Syria denies kidnapping or holding U.S. journalist missing for 10 years


FILE PHOTO: A #BringAustinHome" banner, honoring freelance journalist Austin Tice who was abducted in Syria in 2012, hangs outside of The Washington Post headquarters in Washington, D.C., U.S., Aug. 9, 2022. REUTERS/Sarah Silbiger

AMMAN (Reuters) - Syria on Wednesday denied kidnapping or holding a U.S. journalist who disappeared a decade ago a week after President Joe Biden demanded that Damascus let him go home.

Austin Tice, a former U.S. Marine, was kidnapped in August

2012 aged 31 while reporting freelance in Damascus on the

uprising against Syrian President Bashar al-Assad.

His family believes he is alive and still being held in

Syria. The identity of Tice's captors is not known, and there

has been no claim of responsibility for his abduction.

The Syrian Foreign Ministry described Tice as a U.S. serviceman and denied the government was holding him or any other U.S. citizen.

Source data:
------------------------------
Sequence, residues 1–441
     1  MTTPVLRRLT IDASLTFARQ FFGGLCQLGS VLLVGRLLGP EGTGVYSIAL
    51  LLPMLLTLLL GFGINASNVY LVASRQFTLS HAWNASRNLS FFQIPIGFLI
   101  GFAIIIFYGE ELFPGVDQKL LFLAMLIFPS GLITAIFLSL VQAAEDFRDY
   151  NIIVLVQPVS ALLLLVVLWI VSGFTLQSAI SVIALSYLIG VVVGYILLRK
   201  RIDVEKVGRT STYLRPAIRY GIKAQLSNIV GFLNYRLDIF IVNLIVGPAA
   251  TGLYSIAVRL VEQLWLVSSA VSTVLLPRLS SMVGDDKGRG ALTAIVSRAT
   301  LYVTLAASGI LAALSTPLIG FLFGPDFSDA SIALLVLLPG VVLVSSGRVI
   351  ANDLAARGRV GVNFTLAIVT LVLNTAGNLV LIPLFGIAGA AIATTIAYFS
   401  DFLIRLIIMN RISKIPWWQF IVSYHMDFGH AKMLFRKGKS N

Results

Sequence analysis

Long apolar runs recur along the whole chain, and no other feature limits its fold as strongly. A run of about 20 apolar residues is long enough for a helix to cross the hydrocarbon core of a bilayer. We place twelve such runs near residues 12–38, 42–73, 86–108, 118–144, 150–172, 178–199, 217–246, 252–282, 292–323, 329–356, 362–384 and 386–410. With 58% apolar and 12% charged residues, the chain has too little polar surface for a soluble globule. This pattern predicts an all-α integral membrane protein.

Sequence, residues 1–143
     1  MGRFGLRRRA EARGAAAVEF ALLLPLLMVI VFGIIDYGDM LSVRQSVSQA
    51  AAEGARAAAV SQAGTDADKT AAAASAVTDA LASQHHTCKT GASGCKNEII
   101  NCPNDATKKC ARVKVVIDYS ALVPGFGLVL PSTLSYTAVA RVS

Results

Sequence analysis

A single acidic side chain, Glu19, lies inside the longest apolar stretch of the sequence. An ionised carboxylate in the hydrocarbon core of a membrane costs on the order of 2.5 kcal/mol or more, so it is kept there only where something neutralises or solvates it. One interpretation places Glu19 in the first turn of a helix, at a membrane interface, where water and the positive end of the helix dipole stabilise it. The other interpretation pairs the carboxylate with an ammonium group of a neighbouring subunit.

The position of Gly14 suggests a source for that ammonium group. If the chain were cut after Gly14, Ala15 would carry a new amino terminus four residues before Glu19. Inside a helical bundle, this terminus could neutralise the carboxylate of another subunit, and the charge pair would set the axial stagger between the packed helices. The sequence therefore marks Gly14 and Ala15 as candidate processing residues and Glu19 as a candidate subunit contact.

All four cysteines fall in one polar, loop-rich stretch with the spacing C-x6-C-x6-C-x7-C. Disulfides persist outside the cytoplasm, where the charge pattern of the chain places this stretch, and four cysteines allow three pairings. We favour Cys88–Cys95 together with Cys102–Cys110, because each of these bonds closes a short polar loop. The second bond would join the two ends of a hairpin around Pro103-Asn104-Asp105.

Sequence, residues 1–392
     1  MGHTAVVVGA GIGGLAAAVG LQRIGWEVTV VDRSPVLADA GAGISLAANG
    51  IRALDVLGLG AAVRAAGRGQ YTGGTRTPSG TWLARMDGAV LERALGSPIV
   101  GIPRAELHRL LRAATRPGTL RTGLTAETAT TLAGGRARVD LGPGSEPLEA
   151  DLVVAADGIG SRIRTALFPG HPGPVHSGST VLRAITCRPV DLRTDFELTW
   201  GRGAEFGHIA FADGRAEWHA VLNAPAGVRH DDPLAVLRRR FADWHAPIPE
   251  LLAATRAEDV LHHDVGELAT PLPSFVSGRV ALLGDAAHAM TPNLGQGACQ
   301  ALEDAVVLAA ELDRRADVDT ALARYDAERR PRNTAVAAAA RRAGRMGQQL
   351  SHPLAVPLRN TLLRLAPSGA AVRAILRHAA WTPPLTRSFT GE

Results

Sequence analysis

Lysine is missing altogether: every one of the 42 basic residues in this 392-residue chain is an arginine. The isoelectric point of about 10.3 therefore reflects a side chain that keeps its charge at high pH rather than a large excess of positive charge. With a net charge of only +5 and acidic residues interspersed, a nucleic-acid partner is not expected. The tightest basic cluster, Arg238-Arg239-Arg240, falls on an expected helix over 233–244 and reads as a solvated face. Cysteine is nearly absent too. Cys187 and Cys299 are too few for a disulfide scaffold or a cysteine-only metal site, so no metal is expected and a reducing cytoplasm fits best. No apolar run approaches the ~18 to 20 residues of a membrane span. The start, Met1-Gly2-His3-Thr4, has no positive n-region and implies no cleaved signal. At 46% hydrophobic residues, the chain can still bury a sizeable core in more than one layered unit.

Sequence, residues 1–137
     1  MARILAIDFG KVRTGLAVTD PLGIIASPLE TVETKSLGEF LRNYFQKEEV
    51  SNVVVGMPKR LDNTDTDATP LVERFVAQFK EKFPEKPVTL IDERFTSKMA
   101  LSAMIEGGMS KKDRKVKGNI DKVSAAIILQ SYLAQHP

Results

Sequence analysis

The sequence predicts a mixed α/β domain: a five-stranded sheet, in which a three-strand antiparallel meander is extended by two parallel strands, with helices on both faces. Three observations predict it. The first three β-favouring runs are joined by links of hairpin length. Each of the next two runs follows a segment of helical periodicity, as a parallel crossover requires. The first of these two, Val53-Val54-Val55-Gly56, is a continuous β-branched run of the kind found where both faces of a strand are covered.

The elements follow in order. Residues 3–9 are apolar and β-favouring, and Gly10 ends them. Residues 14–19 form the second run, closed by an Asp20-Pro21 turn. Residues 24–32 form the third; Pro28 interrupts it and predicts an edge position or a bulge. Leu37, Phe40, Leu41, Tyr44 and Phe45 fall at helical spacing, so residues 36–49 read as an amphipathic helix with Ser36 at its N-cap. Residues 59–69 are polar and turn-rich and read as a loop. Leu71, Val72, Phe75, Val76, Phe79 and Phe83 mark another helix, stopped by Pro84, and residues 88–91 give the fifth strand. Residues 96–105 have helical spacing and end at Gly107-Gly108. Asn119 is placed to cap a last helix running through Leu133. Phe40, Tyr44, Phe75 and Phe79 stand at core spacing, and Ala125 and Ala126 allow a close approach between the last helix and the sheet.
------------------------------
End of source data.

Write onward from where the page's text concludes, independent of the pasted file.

"These are baseless allegations," the statement said.

Issuing a statement on the 10th anniversary of Tice's

captivity, Biden said last Wednesday his administration had "repeatedly asked the government of Syria to work with us so that we can bring Austin home".

Biden said Washington knew "with certainty" that Tice had at times been held by Syria's government.

Washington suspended its diplomatic presence in Syria in

2012 at the onset the country's civil war.

U.S. Secretary of State Antony Blinken said Biden's special

envoy for hostage affairs, Roger Carstens, would "continue to

engage with the Syrian government" in coordination with the

White House.

The families of hostages and detainees have begun to

collectively raise their voices to urge Biden to prioritise the

issue and take steps such as arranging further prisoner swaps

with foreign governments.

(Reporting by Suleiman Al-Khalidi; Editing by Nick Macfie)

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